From Internship to PhD – Alicia

Alicia Calé is studying for her PhD at the Laboratory of Biophysics at the Institute of Physics of the CAS under the supervision of Dr. Oleg Lunov. The Erasmus+ internship has opened up this study opportunity for her, allowing her to continue her work at FZU , which she enjoys.

What doctoral programme are you studying and why did you choose it?

The topic of my PhD study is the Mechanical Regulation of the Metabolism of Cancer Cells of Liver. I didn’t really choose it because, first I did the internship and then the team from the Laboratory of Biophysics offered me a PhD programme. They were satisfied with my work, and I liked what I did, so I took it.

Does the work differ from your previous internship at Radius Centre?

Yeah. When I was doing the internship, I was mostly helping the PhD students who were already in the team. They were teaching me how to do the methods and I was helping them with their experiments. So, the difference is that I carry on doing the experiments but this time it’s for my own PhD thesis.

Have you considered any other PhD programme elsewhere?

No, I didn’t come to FZU with the intention of pursuing a PhD afterward. My plan was to come here to do the internship and then go back to France and look for a job there. I didn’t even want to study PhD. I wasn’t opposed but it wasn’t the main focus.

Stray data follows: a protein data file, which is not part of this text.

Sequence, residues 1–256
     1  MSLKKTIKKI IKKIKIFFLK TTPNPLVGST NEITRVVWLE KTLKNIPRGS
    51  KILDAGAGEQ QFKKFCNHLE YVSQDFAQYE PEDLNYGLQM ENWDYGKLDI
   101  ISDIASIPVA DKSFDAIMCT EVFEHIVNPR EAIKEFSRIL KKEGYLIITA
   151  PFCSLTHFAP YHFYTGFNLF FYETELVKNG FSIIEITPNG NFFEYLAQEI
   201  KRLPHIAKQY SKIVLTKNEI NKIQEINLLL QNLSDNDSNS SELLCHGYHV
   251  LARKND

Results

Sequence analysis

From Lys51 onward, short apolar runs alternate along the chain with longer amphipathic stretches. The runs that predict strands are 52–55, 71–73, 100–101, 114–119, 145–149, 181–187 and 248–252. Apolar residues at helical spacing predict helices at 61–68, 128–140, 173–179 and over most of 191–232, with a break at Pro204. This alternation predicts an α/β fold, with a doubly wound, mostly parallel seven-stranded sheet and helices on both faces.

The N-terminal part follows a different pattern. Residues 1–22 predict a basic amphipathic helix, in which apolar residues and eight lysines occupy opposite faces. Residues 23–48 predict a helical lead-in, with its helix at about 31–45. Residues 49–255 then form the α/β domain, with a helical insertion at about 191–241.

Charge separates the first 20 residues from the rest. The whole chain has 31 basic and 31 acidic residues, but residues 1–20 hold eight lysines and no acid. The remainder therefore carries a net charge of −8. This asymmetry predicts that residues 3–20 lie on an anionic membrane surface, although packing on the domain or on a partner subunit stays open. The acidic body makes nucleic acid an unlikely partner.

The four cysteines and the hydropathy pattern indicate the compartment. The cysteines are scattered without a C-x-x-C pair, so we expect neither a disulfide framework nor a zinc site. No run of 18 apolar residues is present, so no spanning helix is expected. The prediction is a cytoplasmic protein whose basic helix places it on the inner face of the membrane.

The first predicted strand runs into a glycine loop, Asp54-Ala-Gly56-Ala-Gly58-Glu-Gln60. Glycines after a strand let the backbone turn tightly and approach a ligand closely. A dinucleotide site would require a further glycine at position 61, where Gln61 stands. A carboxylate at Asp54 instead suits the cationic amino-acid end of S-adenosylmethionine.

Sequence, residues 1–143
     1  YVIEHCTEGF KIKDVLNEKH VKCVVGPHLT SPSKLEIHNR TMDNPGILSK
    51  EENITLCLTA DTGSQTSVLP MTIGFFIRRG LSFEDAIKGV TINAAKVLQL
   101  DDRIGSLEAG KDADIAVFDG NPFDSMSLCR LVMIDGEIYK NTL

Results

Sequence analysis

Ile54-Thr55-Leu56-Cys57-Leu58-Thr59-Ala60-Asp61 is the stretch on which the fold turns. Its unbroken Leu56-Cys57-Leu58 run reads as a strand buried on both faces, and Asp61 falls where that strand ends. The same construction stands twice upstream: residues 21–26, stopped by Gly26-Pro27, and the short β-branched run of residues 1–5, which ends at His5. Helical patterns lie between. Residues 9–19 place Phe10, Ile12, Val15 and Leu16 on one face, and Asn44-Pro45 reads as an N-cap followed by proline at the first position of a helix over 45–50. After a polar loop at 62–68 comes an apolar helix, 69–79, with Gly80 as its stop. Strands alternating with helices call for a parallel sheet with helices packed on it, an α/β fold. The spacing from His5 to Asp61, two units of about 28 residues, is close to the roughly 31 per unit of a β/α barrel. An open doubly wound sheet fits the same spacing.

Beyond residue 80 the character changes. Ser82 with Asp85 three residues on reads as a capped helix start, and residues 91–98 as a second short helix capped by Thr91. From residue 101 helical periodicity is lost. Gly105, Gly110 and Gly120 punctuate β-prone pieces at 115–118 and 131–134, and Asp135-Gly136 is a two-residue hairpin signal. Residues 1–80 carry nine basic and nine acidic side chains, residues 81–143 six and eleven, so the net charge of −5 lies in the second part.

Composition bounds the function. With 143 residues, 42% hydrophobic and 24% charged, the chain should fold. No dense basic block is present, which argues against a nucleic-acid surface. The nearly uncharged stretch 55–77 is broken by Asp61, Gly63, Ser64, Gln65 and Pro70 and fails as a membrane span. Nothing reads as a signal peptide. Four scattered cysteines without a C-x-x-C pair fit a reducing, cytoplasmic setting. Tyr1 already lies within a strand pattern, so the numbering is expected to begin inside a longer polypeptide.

What is the difference between a Master’s and a PhD?

The first thing I want to say is that you get paid when you do the PhD, which is nice. Doing master’s is mostly about classes. PhD is more about doing experiments, data analysis, writing and other things.

Was this change difficult for you?

I don’t think so. Maybe when I’m interpreting and writing articles, it will be difficult because I’ve never done anything like that. It’ll probably be harder than just doing the experiments.  But, for now it’s okay.

How do you like it so far at the FZU? Are you satisfied with your choice of doctoral studies?

I really enjoy working in the lab here. We have dedicated spaces for cell culture, microscopy, biophysics, and biochemistry, which is great. If I didn’t like it, I wouldn’t want to stay.

Would you recommend other students to do an internship before their PhD studies?

My situation was different, but I think doing an internship before starting a PhD can be useful because there is no pressure on you during the internship. You’re just helping with experiments and observing what’s going on in the lab. You also get to see the team dynamics and if you get along with other colleagues, which is important if you plan to stay there for a few years. This familiarity can make the transition to a PhD programme much smoother.  So, I think it’s a really good idea, and I’m glad I got the internship.